The reasons underlying the successful economic start of the year 2000 did not only lie in the situation at the Asian markets, to which Ukraine exports her rolled metalwork — Ukraine’s export of engineering products constituted 28 percent of GDP. At the end of last year and at the beginning of this year, the Ukrainian internal market began to grow, and there were several reasons that promoted this growth. It is difficult to forecast any further growth for this year since the consequences of the reduction of income tax paid by the Ukrainian citizens and the increase of the minimal wage are not yet known. At the same time, a considerable role in the Ukrainian economy is played by the money — from 700 million up to a billion annually — those Ukrainians who work abroad (6 million of them), bring to Ukraine.
The structure of the economic development looks quite promising as well. The growth of industry since the beginning of the year has reached almost 12 percent, with machine building growing by 21 percent, and with engineering products being exported to many Asian countries.
The time has come when Ukraine begins to experience an urgent need in foreign investments. Ukrainian companies do not get enough profits to reinvest the money into their development. The capitals that were once taken by Ukrainian businessmen to offshore companies, begin to come back little by little, but cannot provide enough cumulative boost for the Ukrainian economy (Cyprus takes the second place in the volume of investments into Ukraine).
If foreign investments are put only into those spheres which provide fast recoupment of investments, then it stalls investments into the key branches of the Ukrainian economy.
Ukraine needs capital investments coming from big investors — banks, insurance and investment funds and other financial institutions being the most desirable investors.
A considerable role in determining the general state of the Ukrainian economy continues to be played by Kyiv and the Kyiv region which attract almost 80 percent of investments. This year, the Donetsk, Kharkiv and Dnipropetrovsk Oblasts have begun to catch up with the Kyiv Oblast in the rates of development. The rates of growth in construction have been more or less equal throughout Ukraine. All of this makes it possible to say that not only the central but also the peripheral regions of Ukraine are experiencing an economic upturn, and that long-term investments have begun coming to the Oblasts.
A positive factor for attracting long-term investments is introduction of private ownership on land — by 2004, in accordance with the new Land Code, all the land resources must find their owners.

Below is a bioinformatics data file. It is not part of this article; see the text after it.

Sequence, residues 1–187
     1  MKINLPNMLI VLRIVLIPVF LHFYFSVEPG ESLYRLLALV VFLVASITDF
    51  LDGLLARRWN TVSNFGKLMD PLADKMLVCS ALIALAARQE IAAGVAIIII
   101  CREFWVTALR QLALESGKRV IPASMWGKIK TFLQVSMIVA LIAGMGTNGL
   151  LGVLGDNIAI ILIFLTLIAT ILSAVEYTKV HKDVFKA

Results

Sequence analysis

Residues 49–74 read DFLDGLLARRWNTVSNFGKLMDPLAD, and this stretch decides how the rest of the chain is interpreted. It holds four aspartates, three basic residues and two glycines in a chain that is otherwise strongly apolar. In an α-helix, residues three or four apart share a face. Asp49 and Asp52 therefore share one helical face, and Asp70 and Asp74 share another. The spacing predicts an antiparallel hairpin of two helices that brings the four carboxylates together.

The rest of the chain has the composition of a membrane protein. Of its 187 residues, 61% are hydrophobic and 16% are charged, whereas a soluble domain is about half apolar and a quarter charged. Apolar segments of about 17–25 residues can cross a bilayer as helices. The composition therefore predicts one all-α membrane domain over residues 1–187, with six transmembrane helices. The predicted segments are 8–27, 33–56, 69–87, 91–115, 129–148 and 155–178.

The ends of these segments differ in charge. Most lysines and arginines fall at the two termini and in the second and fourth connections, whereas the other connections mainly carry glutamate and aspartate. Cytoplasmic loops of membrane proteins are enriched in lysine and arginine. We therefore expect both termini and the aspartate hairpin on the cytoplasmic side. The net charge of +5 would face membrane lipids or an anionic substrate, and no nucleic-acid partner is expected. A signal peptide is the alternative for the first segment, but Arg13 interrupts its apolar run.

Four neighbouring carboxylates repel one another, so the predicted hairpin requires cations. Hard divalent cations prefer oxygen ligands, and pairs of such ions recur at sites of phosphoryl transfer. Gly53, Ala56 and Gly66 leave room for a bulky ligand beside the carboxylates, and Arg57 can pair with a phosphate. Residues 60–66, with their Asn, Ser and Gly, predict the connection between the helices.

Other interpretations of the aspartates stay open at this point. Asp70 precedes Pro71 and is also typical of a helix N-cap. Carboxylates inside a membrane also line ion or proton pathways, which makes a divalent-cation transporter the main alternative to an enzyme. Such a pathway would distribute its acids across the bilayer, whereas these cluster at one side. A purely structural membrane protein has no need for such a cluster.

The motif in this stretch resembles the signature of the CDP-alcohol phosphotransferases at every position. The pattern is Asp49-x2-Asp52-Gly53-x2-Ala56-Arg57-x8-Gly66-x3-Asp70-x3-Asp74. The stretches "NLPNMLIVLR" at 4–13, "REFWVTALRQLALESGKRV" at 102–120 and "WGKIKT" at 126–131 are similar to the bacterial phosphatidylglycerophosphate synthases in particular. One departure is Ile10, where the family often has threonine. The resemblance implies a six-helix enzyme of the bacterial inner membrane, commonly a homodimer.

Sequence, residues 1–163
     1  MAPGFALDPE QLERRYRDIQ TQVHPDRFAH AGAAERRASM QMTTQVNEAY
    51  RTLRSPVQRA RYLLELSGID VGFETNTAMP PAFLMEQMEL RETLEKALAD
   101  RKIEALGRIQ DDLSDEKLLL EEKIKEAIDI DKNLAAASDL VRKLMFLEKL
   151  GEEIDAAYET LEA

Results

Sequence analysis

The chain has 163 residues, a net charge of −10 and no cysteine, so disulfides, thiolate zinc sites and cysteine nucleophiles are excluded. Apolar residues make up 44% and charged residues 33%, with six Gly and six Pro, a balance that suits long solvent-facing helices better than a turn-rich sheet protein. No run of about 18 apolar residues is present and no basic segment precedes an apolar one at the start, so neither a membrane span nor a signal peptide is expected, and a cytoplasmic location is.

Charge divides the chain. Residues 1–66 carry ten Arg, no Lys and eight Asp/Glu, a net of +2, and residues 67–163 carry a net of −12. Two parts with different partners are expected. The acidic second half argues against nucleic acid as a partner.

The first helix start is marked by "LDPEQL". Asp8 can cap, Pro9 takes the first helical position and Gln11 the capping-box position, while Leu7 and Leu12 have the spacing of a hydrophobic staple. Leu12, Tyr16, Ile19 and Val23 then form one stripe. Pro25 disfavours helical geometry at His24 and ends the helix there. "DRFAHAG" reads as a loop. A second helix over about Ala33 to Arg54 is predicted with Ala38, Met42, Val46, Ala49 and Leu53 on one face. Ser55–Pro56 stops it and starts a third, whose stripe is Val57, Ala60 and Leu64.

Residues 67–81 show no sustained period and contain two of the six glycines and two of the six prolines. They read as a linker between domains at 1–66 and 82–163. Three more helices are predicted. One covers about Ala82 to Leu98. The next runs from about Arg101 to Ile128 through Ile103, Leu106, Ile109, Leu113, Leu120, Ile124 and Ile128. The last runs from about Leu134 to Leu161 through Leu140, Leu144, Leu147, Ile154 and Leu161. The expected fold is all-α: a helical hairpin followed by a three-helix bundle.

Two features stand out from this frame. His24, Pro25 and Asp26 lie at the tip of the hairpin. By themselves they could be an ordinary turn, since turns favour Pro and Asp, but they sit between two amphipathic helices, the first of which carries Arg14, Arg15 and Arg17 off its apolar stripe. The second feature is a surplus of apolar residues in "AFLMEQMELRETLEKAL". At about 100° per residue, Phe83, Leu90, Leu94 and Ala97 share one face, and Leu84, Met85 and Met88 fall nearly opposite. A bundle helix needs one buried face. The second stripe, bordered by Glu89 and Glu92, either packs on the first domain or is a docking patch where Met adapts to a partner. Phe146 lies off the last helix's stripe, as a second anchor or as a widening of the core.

Major construction work — in reconstruction of motor and rail roads, for example — and other long-term government investment projects will effect the economic development in 2003.
Ukraine plans to join the World Trade Organization early in 2004. This most ambitious project of the current Ukrainian government will hopefully optimize the functioning of many branches of the Ukrainian economy, and increase the size of the agents acting in the financial sphere.
Though the major projects of the government such as the tax reform, for example, have not been brought to completion yet, they raise the optimistic expectancy and stimulate growth.
The latest data provided by the Derzhkomstat (State Statistics Committee) show that in 2002 1.07 billion dollars of direct foreign investments were made into Ukraine’s economy, which is more than in 2001 by 32 percent, and further increases in investments are expected in the year 2003.
Opinion of economic analysts
Olga Pindyuk, an analyst of the International Centre of Prospective Research:
“The sources feeding the growth of the Ukrainian economy, in addition to the better prices at the world markets, have been the following: further development of such branches of economy as the food industry, trade, pulp and paper industry, and printing industry; the longer winter which led the growth of production of electric power and its redistribution as well as the redistribution of heating and water supplies. A considerable role was played by the increase in the volume of construction work.”
Veronica Movchan, an analyst from the Institute of Economic Research and Political Consultations:
“The single biggest negative factor in 2003 may be a bad grain harvest which will lead to a slow-down in the development of agriculture. The growth of the real GDP is likely to take place, according to our forecasts, mostly due to an increase in investments. Such a situation will be observed, ahead of other branches, in construction. It is also of a considerable importance that import of engineering products occupies a sizable part in the structure of imports, and this fact means that investments will be made into industry.”[Prev][Contents][Next]